Skin Repellent

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LITERATURE REVIEW
Repellents and Treated Fabrics Researchers in the 1960’s from the U.S. Army Medical Research Unit conducted a comparative efficacy test of Diethyltoluamide skin-application and M-1960 impregnated-clothing against mosquitoes in the nipah palm-mangrove swamps of Malaya (30). In this study, it was shown that the combination of skin repellent and clothing treatment provided the best protection against mosquito bites. Use of skin repellent was effective at preventing bites to the skin but this resulted in an increase in mosquitoes landing on the untreated uniform and biting through it. Solely treating the uniform with repellent had a similar effect, driving the mosquitoes to the unprotected skin areas. This experiment required
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This study used both knock-down cone tests along with arm-in-cage repellency tests against Aedes albopictus mosquitoes. These combinations along with microencapsulated mixtures extended washing durability when compared to the conventional treatment method. Their results indicated promising methods for future impregnation techniques. In this study, the volunteers inserted a forearm treated with a test sample into a cage containing 400 laboratory reared mosquitoes to test for…show more content…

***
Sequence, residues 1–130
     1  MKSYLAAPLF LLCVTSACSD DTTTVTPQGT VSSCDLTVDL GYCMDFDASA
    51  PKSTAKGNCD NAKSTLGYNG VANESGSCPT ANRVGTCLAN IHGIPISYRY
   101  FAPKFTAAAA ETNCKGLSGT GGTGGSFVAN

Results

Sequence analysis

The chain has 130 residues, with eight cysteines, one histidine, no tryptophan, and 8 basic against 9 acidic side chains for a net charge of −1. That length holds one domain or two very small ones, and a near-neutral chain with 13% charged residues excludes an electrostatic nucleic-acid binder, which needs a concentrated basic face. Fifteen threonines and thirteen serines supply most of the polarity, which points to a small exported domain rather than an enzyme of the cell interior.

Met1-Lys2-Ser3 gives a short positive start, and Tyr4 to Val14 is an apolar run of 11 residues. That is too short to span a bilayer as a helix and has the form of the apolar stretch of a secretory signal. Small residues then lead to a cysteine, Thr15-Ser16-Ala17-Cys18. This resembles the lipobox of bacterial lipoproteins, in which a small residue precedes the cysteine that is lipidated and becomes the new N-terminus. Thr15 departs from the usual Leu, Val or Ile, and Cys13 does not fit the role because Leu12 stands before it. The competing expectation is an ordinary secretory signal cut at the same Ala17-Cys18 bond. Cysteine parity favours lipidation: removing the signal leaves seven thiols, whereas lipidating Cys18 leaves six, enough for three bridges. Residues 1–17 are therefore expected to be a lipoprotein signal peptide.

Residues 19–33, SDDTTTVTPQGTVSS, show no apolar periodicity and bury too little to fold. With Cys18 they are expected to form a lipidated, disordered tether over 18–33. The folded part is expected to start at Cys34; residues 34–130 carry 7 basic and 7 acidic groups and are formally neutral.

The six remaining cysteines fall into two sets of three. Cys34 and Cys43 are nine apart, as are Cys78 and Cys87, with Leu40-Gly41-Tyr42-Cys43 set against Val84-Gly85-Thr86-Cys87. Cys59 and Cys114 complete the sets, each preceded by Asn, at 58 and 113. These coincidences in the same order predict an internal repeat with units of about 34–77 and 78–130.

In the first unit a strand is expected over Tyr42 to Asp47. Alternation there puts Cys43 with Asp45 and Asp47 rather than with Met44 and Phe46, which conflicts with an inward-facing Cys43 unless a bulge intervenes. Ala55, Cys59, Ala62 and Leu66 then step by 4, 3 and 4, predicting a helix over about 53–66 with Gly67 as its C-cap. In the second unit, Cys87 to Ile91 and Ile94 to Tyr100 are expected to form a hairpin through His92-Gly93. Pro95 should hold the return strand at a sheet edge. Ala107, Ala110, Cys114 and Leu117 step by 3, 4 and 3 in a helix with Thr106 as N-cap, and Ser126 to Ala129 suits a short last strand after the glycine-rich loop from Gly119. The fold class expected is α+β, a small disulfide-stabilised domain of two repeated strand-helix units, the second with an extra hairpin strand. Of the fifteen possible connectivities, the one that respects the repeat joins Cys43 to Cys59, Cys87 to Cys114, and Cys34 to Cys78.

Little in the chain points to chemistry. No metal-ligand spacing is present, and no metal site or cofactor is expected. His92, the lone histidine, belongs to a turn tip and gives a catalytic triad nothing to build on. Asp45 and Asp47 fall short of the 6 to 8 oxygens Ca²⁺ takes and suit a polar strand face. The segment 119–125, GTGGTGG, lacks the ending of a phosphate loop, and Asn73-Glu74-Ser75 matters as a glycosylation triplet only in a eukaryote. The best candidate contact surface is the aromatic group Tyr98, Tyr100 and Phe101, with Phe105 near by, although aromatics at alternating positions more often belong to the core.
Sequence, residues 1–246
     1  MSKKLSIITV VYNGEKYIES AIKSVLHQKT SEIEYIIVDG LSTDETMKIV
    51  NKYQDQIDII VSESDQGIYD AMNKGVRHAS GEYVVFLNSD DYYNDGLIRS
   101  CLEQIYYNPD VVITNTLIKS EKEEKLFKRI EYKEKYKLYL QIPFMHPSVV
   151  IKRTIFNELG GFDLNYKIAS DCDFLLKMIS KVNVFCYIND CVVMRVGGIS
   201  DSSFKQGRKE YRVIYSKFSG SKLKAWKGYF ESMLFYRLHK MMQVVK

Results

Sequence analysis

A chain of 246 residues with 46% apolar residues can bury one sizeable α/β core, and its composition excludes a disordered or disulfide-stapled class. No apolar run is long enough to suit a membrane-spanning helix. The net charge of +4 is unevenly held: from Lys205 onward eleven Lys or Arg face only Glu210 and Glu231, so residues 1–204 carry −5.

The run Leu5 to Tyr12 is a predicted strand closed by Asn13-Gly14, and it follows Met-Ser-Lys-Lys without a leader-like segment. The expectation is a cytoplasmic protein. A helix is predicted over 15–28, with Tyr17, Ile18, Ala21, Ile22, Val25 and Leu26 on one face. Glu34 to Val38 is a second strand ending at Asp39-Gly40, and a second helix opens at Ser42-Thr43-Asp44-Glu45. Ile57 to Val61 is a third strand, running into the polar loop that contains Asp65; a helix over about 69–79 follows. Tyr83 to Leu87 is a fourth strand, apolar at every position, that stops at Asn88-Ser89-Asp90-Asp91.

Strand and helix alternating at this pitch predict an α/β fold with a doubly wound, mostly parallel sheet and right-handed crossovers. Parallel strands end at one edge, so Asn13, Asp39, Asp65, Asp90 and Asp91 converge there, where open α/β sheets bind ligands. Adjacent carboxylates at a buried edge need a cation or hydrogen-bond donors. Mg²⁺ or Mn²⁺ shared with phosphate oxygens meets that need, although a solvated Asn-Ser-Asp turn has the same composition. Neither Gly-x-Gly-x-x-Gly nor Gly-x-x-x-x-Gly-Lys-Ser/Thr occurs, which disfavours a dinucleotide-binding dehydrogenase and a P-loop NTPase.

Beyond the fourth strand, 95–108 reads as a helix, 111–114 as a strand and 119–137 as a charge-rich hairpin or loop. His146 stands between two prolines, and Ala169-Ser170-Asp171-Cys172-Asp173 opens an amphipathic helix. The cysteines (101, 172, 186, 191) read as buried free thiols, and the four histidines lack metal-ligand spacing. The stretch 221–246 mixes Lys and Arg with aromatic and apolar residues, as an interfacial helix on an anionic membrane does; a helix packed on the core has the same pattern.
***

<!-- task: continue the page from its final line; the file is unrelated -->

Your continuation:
SPECIFIC AIMS
This study will investigate the mosquito bite protection provided by fabrics treated with two different concentrations of picaridin as compared with the current US Army permethrin factory-treated uniform. It will focus on the following specific aims:
1. To count the number of successful blood meals adult female Aedes aegypti mosquitoes complete by biting through fabrics treated with 18 ml, 36 ml concentration of picaridin, the standard US Army permethrin treated fabric, and an untreated fabric.
2. To count the number of successful blood meals adult female Anopheles gambiae mosquitoes complete by biting through fabrics treated with 18 ml, 36 ml concentration of picaridin, the standard US Army permethrin treated fabric, and an untreated fabric.
3. Compare any difference between bite-through (bloodfed) counts of the two picaridin treated fabrics vs. standard Army permethrin treated fabric by the two mosquito
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